The events of 2020 hastened the adoption of the work-from-home model and will continue to impact business operations and working environments for at least the foreseeable future. This new way of working would not be possible without technology. In addition to increasing our reliance on technological systems and digital transactions, the shift away from the traditional office model also has increased the prevalence of digital threats against systems, organizations and employees. Moving entire workforces and systems to a virtual space has produced many challenges and vulnerabilities, resulting in a significant rise in the number and frequency of cyberattacks. To limit exposure and minimize the potential of future attacks, it is valuable to recognize the top cyberthreat trends and gain a better understanding of the importance of securing systems and adopting best practices.

 

  1. Growing Prevalence of Attacks Due to Weak Systems and Untrained Individuals 

Remote working has drastically changed the way that businesses and individuals behave. With organizations shifting to the work-from-home model, threat actors have taken advantage of vulnerable networks. Changing circumstances have resulted in the exploitation of those that are most susceptible. As a result, cybercrime continues to drastically increase because organizations and individuals lack the training and knowledge of the best practices to protect against potential cyberattacks. Basic cybersecurity is becoming increasingly vital because, if successful, cybercriminals can steal funds as well as valuable intellectual property. Cyberthreats have gained prevalence due to an increased number of access points readily available to intruders as well as the fact that many individuals and organizations lack the required security measures and knowledge necessary to protect against exposure.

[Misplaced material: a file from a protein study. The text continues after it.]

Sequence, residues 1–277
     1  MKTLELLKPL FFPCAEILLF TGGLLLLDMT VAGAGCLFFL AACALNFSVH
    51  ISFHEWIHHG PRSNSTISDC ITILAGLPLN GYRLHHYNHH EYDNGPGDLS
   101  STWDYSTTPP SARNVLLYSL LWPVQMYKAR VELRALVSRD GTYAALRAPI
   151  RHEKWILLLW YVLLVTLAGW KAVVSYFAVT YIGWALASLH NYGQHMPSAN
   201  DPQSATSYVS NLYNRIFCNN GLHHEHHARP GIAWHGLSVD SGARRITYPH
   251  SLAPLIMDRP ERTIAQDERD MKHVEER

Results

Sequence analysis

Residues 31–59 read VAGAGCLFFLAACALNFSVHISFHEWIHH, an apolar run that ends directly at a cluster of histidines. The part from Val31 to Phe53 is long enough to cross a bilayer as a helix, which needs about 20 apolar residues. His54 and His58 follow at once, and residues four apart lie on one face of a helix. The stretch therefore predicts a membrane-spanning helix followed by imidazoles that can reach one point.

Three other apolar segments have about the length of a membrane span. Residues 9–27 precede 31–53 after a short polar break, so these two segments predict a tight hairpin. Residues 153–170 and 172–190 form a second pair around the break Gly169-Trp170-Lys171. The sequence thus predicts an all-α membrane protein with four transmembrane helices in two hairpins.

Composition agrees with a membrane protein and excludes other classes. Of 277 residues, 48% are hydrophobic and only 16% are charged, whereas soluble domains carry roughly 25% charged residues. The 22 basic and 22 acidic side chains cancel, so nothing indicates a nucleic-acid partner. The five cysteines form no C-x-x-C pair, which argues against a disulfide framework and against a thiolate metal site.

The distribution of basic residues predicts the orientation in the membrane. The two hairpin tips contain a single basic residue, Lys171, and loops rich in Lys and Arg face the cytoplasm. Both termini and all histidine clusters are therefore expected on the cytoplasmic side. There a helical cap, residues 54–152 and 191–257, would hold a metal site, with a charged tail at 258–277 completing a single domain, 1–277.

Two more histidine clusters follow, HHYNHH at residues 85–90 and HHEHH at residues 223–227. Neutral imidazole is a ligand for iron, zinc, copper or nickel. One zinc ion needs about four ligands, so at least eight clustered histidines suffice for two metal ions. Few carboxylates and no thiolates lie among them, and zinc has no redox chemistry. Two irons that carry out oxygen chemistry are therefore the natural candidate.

1. Artificial Intelligence and Machine Learning 

Developments in artificial intelligence (AI) help under-resourced security teams gain an advantage against potential cyberthreats. The analysis of massive quantities of associated risk data from both structured and unstructured resources provides advantages in threat intelligence that can reduce the time that a security team needs to make decisions in response to potential threats. Therefore, artificial intelligence and machine learning are quickly maturing and becoming technological systems with limitless applications that serve as advantageous resources to organizations. The hyper-automation of businesses through the use of machine learning and AI systems helps human security analysts separate urgent alerts from a large set of data. With correct application, sophisticated AI systems can help mitigate against potential cyberattacks and threats. However, there are concerns that arise because the same systems that can identify and stop cyberattacks also can be used by hackers to launch very sophisticated attacks in the form of malicious software.

 

  1. IoT Risks